Saskatchewan, taken from atop the structure in the previous picture. - HDR

The driver of this fertilizer tractor noticed me taking pictures and while waving hello, made a special trip to the near side of the plot for me to get this shot. Thanks tractor driver!

The driver of this fertilizer tractor noticed me taking pictures and while waving hello, made a special trip to the near side of the plot for me to get this shot. Thanks tractor driver!

Color, color everywhere!

Color, color everywhere!

Grain elevators in Canwood, SK.

Grain elevators in Canwood, SK.

Weighing the Camel. 300 kg / 660 lbs = not great news. That's 50% over stock weight and puts it close to absolute maximum capacity with me aboard. Perhaps I shouldn't have fabricated so many of the accessories out of steel!

Weighing the Camel. 300 kg / 660 lbs = not great news. That's 50% over stock weight and puts it close to absolute maximum capacity with me aboard. Perhaps I shouldn't have fabricated so many of the accessories out of steel!

The evening’s destination was the Ness Creek Music Festival near Big River, SK. A gathering of nearly 5,000 people for four days of music, it’s been happening here 20 miles from any paved roads every July for 21 years. After setting up camp I walked toward the music and danced under the full moon until well after the sun came up at 5AM.

Arrival at Ness Creek.

Arrival at Ness Creek.

The band Library Voices performing on the main stage.

The band Library Voices performing on the main stage.

The ridiculously talented Rushad Eggleston of Tornado Rider playing the electric cello to the song "The Goat God"

The ridiculously talented Rushad Eggleston of Tornado Rider playing the electric cello to the song "The Goat God"

Jeans Boots performing in the after hours tent before Gobble Gobble, a band that proceeded to layer the sound of turntable trance with the drumbeat of smashing shovels and hockey helmets until dawn. Awesome!

Jeans Boots performing in the after hours tent before Gobble Gobble, a band that proceeded to layer the sound of turntable trance with the drumbeat of smashing shovels and hockey helmets until dawn. Awesome!

Though I had intended to stay at Ness Creek the full four days and so far it had been a riotously good time, I was itching to put some miles behind me and find a little Canadian solitude. I packed up camp and was soon headed east toward Manitoba. Just a few miles into the province and a few minutes before sunset I spotted an enticing creek. Steering the Camel off the highway and into the wilderness I motored upstream a quarter mile or so and found the perfect camp. Perfect in appearance isn’t everything though, as I soon realized my night was to be shared with the worst swarm of biting insects I’ve ever experienced. A hot, humid, buggy night made it pretty easy to get on the road shortly after 5 AM the next morning for a long day through Manitoba and Ontario, to be continued…..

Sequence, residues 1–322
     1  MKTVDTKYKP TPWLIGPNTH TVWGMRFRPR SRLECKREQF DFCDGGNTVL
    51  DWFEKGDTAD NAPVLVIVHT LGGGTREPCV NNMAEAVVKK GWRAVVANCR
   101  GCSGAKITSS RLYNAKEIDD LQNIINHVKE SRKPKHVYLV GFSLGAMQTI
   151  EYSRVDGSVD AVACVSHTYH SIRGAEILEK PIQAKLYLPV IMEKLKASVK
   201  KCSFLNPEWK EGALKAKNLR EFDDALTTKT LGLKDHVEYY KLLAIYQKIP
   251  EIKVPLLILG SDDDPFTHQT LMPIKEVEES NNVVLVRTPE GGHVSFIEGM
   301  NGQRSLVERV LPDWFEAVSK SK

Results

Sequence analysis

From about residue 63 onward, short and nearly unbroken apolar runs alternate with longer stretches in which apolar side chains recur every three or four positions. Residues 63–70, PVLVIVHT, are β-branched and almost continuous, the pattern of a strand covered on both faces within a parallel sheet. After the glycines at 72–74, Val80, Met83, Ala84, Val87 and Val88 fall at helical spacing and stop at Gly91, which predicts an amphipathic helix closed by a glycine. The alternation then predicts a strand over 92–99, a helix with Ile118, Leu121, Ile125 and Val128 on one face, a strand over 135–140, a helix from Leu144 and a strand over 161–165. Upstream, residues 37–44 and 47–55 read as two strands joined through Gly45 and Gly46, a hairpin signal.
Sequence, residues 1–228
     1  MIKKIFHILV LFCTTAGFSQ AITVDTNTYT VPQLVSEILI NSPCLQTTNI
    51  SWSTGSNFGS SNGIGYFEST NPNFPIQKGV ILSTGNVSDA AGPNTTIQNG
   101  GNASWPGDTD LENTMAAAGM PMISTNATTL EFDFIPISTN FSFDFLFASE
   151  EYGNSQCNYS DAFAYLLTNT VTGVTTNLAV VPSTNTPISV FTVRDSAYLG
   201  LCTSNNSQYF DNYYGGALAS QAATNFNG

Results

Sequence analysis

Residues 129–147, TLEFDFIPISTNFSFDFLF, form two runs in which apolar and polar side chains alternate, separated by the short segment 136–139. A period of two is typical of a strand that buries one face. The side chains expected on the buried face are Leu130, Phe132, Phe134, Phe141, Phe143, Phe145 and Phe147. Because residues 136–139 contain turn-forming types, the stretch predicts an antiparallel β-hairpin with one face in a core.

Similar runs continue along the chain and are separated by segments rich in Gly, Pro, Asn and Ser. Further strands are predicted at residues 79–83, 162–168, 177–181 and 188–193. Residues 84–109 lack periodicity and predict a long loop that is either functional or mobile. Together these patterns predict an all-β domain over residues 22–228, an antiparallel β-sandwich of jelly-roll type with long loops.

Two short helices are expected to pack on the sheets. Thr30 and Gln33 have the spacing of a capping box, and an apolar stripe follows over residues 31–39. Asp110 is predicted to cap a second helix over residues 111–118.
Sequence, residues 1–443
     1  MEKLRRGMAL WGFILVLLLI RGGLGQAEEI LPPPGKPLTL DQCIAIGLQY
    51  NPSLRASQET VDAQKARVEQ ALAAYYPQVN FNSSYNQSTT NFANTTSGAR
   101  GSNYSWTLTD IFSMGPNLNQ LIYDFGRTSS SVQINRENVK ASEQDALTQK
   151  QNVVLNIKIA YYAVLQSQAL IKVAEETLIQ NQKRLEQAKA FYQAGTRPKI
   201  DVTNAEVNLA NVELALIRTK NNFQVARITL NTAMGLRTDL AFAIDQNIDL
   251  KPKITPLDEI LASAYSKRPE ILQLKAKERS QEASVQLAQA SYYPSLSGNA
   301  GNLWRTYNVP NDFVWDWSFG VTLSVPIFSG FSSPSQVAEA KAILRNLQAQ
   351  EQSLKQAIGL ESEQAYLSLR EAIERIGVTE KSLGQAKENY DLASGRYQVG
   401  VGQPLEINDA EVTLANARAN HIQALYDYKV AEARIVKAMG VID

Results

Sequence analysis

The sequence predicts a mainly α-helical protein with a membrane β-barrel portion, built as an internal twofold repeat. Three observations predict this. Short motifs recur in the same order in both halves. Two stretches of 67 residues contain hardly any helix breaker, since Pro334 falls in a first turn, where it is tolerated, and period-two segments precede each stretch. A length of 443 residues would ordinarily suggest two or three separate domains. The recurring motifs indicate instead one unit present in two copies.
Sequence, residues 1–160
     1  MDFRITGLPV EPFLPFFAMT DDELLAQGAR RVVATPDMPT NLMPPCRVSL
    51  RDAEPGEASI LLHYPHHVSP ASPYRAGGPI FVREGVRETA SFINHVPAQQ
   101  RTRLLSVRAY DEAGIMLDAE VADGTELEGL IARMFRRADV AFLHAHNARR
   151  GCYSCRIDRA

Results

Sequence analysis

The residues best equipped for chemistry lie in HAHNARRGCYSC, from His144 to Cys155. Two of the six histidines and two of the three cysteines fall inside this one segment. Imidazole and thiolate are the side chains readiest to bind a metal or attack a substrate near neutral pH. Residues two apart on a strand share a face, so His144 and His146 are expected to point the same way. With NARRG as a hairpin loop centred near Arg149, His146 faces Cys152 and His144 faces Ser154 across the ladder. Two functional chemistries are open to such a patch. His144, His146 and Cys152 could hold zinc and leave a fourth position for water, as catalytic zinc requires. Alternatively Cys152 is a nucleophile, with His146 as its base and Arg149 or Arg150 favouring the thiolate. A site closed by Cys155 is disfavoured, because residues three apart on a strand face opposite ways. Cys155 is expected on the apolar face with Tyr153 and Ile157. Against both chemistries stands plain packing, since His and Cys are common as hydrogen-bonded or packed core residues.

A picture is worth a thousand mosquito bites. Actually, I'm not sure if it is really worth it. Camping on the Rice River in Manitoba. - HDR

A picture is worth a thousand mosquito bites. Actually, I'm not sure if it is really worth it. Camping on the Rice River in Manitoba. - HDR

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7 Responses to 2011.07.17 – Idaho to Saskatchewan

  1. Tim Huss says:

    You didn’t pack insect repellent?

  2. Mom says:

    Ryan, was camping on the Rice River with the bugs as bad as on the boat in the mangroves in Puerto Rico before hurricane Marilyn and Luis? Love Mom

    PS You were right, I should have scrolled past the Beartooth Pass video :-(

    • rcargo says:

      Unfortunately the bugs at Rice River put those in the mangroves at Playa de Salinas to shame. They were so thick that when I’d go to kill one, a thousand others would latch onto my hand and flap their evil little bug wings so hard I couldn’t slap the one I’d taken aim for.

  3. Bailey says:

    Um, that video’s kinda sick. (Ya know – in a good way.) And I really like the music! I don’t suppose you have a recording of the electric cello gig? :)

  4. Dave says:

    Thanks for the dedication, Ryan. While I will accept responsibility for your miseducation regarding excessive use of speed and passing slow-moving automobiles on the double yellow (only with enough clear road view ahead, of course, Mom Cargo) I cannot in good conscience let this pass without saying: if you ever film a video for me again in which you fail to wear gloves, I will hunt you down and kick you so hard in the junk that you will (censored for content- consider the source!) Nice vid, though! I especially approve of your choice in tuneage- it reminds me of the music video for the song when it came out way back when- truly fitting, yet another work of your genius. Keep them coming!